The FBI defines robbery as the taking, or the attempted taking, of anything of value from someone by force, threat of violence, or fear. Most robberies involve the use of a firearm and yield $1,190 worth of goods on average. There were 327,374 robberies reported nationwide in 2015 — 102 per 100,000 Americans.
Crime and crime rates vary greatly across U.S. cities. In the Baltimore-Columbia-Towson, Maryland metro area, 6,680 robberies were reported in 2015. The area’s robbery rate of 239 incidents per 100,000 residents is higher than than both the national rate and higher than the statewide rate of 164 incidents per 100,000 residents.
Baltimore’s high incidence of crime is not limited to robberies. There were also 13 murders, 343 aggravated assaults, and 2,625 property crimes per 100,000 city residents last year, all higher than the corresponding national crime rates.
There are several social and economic factors that are associated with crime. According to Nancy La Vigne, director of the Justice Policy Center at nonprofit economic and social policy research organization the Urban institute, the lack of opportunities for legal, gainful employment in a metro area is one of the primary drivers of crime.
The less residents have access to legal means of income, the more likely they may be to turn to crime. One such indicator of access to legal means of income is the annual unemployment rate. Those unable to find work are among the most likely to commit a crime, out of either financial necessity or other motivations. An estimated 5.4% of the Baltimore workforce was unemployed in 2015, roughly similar to the 5.3% national annual unemployment rate.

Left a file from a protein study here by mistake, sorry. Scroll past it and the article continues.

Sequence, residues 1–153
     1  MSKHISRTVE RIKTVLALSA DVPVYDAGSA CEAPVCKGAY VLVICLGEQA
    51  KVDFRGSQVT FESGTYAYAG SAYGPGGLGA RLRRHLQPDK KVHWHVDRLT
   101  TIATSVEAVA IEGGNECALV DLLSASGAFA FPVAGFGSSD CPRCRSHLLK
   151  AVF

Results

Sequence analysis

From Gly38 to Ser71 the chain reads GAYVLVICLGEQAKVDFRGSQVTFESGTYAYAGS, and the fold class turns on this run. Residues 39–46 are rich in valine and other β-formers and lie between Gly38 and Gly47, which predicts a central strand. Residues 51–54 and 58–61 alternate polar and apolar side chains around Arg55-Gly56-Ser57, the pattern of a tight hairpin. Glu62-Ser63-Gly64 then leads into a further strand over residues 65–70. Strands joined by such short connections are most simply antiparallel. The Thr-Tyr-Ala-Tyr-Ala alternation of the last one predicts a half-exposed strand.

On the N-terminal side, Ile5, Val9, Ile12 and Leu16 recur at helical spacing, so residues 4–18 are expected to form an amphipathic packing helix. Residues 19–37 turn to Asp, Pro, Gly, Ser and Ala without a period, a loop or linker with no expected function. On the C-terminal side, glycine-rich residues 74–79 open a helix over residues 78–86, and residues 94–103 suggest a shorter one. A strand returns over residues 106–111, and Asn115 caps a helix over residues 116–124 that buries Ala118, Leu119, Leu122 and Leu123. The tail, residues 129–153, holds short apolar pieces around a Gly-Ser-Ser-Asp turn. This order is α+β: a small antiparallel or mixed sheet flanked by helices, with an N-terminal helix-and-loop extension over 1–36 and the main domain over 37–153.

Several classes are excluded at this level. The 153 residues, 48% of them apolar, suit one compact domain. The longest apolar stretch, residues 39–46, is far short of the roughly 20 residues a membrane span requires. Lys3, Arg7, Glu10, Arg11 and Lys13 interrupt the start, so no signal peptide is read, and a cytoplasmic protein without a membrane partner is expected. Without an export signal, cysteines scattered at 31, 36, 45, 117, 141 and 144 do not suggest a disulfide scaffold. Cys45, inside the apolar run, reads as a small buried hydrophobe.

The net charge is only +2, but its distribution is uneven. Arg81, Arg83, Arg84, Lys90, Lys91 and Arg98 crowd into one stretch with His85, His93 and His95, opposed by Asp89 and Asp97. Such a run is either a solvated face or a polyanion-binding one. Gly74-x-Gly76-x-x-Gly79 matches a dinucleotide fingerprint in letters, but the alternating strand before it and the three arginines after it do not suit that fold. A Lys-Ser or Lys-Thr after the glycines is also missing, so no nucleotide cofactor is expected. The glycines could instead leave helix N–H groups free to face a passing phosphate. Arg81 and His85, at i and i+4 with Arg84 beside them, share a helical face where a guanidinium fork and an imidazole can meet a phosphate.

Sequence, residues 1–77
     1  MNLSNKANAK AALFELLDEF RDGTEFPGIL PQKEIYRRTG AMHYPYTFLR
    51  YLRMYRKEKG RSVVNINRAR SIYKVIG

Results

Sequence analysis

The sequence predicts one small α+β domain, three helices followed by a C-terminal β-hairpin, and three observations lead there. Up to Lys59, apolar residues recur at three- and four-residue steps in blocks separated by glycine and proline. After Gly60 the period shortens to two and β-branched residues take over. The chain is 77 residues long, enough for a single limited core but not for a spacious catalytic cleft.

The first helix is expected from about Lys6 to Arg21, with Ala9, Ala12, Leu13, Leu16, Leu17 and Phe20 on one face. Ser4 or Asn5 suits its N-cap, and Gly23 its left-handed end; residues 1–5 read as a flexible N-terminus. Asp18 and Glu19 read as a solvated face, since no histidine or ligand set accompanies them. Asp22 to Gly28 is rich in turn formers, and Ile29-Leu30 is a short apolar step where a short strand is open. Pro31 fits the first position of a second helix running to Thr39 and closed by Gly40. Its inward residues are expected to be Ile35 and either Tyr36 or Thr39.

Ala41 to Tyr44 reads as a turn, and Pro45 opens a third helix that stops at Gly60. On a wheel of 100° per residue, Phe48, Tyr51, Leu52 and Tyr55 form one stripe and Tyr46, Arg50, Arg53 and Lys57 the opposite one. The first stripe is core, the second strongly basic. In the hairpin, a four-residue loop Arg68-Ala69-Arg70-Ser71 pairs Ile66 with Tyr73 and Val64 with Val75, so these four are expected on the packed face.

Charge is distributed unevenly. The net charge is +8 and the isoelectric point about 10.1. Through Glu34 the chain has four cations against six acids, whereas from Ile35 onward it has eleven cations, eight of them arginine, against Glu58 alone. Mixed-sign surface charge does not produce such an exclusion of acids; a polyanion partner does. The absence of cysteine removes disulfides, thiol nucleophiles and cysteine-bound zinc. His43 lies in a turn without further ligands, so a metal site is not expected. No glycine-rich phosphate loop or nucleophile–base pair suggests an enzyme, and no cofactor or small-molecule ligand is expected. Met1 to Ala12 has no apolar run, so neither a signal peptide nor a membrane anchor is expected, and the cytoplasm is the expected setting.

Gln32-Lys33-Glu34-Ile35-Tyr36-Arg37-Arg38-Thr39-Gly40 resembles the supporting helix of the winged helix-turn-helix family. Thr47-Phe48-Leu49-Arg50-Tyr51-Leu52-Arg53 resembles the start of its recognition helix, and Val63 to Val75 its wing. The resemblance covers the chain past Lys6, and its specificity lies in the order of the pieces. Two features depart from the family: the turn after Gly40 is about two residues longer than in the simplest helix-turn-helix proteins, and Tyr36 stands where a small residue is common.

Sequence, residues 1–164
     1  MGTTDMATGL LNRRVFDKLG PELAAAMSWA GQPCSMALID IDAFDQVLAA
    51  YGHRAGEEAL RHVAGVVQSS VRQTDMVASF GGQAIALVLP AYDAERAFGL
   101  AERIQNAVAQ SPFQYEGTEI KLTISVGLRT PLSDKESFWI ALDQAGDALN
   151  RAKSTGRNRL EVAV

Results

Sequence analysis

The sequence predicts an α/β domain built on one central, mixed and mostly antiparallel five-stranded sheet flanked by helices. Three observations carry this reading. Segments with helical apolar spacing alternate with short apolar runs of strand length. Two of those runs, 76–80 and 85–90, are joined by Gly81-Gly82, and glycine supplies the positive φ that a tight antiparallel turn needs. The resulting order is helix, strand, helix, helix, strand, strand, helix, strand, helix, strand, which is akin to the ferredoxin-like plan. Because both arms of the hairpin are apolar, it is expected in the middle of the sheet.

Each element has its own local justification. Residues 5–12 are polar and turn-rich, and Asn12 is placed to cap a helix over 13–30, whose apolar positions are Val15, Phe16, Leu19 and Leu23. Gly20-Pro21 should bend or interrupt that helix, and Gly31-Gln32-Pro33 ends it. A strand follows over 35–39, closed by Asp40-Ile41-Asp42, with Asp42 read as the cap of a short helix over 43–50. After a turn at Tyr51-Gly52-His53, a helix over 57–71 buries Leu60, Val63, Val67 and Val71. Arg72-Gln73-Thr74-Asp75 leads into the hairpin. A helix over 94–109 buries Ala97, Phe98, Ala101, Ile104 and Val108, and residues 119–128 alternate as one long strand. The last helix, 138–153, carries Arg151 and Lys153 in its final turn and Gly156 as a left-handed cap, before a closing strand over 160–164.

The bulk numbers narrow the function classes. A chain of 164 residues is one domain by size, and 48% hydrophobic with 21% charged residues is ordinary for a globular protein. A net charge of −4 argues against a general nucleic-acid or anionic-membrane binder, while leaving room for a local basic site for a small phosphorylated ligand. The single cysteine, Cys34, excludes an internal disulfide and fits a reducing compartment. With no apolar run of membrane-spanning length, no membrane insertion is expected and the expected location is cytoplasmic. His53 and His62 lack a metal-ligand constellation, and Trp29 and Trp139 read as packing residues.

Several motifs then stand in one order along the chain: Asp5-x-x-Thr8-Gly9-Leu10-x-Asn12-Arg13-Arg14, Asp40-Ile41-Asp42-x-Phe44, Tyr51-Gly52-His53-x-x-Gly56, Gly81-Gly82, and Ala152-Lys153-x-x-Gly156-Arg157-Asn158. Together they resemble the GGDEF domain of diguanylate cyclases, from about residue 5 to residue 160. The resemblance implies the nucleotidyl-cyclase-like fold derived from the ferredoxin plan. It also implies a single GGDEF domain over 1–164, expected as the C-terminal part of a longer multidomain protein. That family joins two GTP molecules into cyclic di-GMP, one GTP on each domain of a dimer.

Like most metropolitan areas, Baltimore’s unemployment has declined over the last half decade. Since 2011, the annual unemployment rate in Baltimore has fallen by 2.2 percentage points — a lesser improvement than the nation as a whole. Over the same period, the number of reported robberies fell by 11.9%, more than the 7.7% drop in robberies nationwide.
Young males between the ages of 15 and 24 are more likely to be criminals than any other demographic group. In Baltimore, 6.6% of residents are between the ages of 15 and 24, a slightly smaller share than the 7.0% of Americans who are males of the same age group.